Legislation opens more doors for assistance dogs
People with disability will benefit from improved access and streamlined services with the passing of the Guide, Hearing and Assistance Dogs Amendment Bill in state Parliament.
Disability Services Minister Coralee O’Rourke said the Amendment Bill had improved the Guide, Hearing and Assistance Dogs Act 2009 by closing gaps identified during its review.
“Guide, hearing and assistance dogs are special working dogs trained to allow people with disability to get out in the community and be more independent,” Mrs O’Rourke said.
“They perform a range of tasks that help people with various disabilities in their daily lives, such as calling for lifts, picking up parcels, turning on lights and paying cashiers.
Changes under the Amendment Bill include expanding the access rights to alternative handlers who may be required to assist a primary handler to control a certified dog (for example, a child with disability) and authorising trainers and training institutions to issue handler identity cards.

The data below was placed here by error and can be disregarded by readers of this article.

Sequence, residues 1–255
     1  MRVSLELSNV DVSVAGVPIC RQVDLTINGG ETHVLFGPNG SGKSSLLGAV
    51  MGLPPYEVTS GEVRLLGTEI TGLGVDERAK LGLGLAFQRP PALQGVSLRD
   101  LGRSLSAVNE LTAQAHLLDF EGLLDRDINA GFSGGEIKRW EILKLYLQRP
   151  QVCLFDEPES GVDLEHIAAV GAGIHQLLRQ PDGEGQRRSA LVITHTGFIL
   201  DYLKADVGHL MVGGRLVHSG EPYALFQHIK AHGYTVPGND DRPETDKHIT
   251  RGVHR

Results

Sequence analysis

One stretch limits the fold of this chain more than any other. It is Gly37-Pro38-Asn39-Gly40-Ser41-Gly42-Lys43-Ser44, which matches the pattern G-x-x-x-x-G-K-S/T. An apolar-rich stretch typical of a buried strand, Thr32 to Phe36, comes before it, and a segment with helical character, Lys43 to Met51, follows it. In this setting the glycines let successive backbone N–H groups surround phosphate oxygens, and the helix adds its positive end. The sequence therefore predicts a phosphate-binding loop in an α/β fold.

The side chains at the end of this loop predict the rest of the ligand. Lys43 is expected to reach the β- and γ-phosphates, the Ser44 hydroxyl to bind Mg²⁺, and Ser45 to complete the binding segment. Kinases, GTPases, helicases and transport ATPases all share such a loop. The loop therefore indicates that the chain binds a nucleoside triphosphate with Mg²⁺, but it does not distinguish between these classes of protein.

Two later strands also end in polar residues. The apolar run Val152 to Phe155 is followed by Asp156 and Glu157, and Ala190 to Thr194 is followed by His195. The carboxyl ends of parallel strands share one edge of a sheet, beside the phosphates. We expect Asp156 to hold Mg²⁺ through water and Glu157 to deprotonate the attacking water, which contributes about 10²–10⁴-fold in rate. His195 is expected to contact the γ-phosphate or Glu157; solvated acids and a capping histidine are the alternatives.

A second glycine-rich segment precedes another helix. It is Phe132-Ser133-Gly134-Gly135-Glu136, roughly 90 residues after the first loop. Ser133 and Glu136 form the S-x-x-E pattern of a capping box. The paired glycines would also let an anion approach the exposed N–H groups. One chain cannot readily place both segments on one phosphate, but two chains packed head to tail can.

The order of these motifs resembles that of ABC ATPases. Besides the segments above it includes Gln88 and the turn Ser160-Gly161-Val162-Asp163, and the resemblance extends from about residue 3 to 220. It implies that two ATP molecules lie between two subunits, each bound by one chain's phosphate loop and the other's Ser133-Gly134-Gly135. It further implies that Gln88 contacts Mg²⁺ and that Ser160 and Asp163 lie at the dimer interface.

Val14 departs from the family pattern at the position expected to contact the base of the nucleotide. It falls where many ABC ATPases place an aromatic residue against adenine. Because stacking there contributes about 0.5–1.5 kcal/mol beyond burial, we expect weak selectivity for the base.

The Bill has removed the need for handlers to prove a disability when renewing identity cards and restrictions have been lifted on the certification of dogs belonging to shareholders, directors and employees of training institutions.
The Bill will also equip departmental authorised officers with greater powers to investigate any complaints made and enforce compliance with the Act.
Changes are expected to come into effect in 2016.
Minister O’Rourke said a communication strategy had been developed in partnership with industry stakeholders to raise awareness of the Act.
“Under Queensland law these specially-trained and certified dogs have the same access rights in public places as everyone else,” she said.
“This includes shops, hospitality venues, rental and holiday accommodation, taxis, aircraft, public transport and entertainment and sporting facilities.”
27 October 2015.